Bean Buro epitomises a new generation of practice, which is redefining what it means to be international. Partners Lorène Faure and Kenny Kinugasa-Tsui set up their studio in 2013 in Hong Kong. Born in Paris, Faure attended the Ecole Spėciale d’Architecture, where she was taught by Sir Peter Cook, before moving to London to work for Cook’s practice, CRAB (Cook Robotham Architectural Bureau). In London, she met Kinugasa-Tsui, who is Hong-Kong born of Chinese and Japanese heritage. Having studied at the Bartlett, Kinugasa-Tsui worked at Richard Rogers Partnership and then Urban Salon Architects in London, also lecturing at the Bartlett. Bean Buro’s team of 14 staff is also highly international, they are most often European, or Hong Kong born, returning from studies abroad to settle with their families. Now in the process of becoming a chartered practice, chartered members Faure and Kinugasa-Tsui oversee the log books of their staff.
Bean Buro focuses on the large-scale opportunities provided by interiors in Hong Kong, specifically workplace, residential and hospitality design. There are lots of crossovers in these sectors with clients who commission homes containing hotel-like features and office spaces; and workplaces that seek the comforts of home and the luxury of hospitality within the office environment. The shortage of available land means the scope for new builds in Hong Kong is limited. Interiors, however, can be of a generous floor area with plenty of potential for architectural interventions. This is epitomised by Bean Buro’s sculptural canopies for The Work Project, a 30,000ft2 co-working space in central Hong Kong with serviced offices set over four floors. By drawing on the form of the boating canopies of the fishing community which once occupied Causeway Bay where the offices are situated, it has made a feature out of the lettable meeting rooms.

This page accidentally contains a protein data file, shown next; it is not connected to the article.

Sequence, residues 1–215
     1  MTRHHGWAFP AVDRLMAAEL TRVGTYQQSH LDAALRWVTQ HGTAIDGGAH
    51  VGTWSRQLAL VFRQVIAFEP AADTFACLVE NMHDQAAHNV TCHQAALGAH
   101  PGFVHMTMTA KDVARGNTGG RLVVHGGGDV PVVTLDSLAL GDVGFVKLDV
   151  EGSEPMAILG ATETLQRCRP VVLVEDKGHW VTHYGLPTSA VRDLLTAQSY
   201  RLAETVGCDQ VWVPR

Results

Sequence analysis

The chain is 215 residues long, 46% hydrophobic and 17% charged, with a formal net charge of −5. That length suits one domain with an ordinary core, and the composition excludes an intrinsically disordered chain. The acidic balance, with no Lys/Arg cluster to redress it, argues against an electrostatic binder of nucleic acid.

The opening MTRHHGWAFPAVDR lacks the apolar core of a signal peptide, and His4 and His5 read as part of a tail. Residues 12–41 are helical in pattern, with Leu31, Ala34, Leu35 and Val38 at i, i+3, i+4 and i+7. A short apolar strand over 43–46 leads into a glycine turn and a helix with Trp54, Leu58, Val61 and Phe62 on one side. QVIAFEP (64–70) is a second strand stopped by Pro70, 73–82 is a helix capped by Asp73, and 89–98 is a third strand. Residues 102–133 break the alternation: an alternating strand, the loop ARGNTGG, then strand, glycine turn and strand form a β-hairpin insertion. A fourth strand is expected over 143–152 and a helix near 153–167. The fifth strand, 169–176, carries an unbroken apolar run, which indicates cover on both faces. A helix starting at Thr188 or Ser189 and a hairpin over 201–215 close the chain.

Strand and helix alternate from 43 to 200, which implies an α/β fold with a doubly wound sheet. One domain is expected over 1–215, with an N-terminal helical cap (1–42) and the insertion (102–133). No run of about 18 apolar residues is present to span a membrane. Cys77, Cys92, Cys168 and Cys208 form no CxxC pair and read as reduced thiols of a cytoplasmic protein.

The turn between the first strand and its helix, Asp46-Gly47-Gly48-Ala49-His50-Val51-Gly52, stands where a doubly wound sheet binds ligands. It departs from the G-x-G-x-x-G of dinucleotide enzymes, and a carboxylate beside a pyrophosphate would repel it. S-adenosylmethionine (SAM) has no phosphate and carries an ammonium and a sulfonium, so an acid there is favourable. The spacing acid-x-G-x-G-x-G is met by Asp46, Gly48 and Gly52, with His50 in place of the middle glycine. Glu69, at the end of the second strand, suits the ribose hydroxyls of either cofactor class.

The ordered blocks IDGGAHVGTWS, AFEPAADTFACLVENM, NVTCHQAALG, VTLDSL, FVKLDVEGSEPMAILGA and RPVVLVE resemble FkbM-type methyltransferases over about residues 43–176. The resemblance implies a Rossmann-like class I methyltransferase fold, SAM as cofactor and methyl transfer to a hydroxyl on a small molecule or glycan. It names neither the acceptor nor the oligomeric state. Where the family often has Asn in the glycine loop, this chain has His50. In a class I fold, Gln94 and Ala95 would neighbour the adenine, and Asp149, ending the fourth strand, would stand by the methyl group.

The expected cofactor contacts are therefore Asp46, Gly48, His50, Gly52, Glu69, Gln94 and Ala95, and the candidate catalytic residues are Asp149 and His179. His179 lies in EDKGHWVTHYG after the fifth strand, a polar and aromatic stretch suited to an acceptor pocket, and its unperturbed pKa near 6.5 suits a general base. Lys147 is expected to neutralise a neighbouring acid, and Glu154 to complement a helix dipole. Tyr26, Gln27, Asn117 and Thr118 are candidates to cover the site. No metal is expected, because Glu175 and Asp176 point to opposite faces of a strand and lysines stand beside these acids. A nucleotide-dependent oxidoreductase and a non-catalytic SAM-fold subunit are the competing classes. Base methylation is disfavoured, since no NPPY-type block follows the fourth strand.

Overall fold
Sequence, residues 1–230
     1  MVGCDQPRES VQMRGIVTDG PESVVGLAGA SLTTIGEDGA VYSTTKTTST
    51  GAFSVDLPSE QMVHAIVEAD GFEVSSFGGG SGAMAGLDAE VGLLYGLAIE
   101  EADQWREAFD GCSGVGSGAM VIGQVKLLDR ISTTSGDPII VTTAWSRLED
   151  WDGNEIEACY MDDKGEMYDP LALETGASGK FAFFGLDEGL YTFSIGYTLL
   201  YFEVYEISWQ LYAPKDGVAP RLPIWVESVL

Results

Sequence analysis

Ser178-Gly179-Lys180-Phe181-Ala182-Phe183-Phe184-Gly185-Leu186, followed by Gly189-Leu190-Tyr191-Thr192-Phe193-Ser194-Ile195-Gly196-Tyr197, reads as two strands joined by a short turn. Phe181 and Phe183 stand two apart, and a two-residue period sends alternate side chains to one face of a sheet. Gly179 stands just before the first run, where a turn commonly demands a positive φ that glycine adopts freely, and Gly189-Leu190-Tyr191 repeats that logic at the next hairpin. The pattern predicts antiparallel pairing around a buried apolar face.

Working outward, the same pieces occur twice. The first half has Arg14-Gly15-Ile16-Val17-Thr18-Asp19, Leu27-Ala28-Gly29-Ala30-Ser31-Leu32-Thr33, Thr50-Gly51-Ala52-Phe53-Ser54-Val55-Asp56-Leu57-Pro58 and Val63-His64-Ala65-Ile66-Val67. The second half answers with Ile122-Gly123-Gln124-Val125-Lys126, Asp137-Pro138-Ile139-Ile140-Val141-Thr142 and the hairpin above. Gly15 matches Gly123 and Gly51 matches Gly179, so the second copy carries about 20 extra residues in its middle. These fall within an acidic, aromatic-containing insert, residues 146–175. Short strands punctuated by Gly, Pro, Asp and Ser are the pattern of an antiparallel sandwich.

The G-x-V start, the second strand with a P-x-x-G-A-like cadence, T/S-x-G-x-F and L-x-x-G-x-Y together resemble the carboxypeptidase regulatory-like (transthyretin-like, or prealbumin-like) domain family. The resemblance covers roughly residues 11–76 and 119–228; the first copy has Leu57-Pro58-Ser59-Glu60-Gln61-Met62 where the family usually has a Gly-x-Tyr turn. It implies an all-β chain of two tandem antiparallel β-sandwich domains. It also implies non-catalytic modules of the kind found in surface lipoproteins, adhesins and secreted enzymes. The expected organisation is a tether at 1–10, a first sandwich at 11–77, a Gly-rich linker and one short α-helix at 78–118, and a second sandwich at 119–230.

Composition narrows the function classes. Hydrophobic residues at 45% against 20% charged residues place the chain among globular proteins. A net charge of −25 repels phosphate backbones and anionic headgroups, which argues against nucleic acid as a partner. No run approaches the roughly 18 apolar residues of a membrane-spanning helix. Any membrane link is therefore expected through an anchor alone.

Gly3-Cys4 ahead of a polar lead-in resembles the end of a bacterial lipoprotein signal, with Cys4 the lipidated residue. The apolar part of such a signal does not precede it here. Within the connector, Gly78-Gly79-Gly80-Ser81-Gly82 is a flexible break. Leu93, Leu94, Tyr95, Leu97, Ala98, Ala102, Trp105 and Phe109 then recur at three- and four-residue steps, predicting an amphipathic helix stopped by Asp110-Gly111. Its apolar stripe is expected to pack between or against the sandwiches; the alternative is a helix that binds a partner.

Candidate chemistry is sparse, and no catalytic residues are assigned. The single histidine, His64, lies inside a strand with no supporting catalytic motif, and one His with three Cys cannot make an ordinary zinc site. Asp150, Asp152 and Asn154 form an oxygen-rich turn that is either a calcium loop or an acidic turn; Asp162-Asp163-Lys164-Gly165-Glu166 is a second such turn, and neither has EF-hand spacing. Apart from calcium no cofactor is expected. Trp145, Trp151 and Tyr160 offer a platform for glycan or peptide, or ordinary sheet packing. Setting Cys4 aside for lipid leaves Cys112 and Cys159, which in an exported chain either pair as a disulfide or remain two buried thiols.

In a manner that is characteristic of the Hong Kong environment and the pragmatic nature of practice here, workplace design meets the needs of its unique urban setting. Fast paced and innovative, its moves quickly and at scale. Often on short leases, offices can be refitted as often as every four years. It typifies the ethos of practice in the territory that is highly regulated but business-like, responding quickly to the demands of one of the most highly populated regions in the world. International in composition, it operates always with a close eye on rapid developments in mainland China.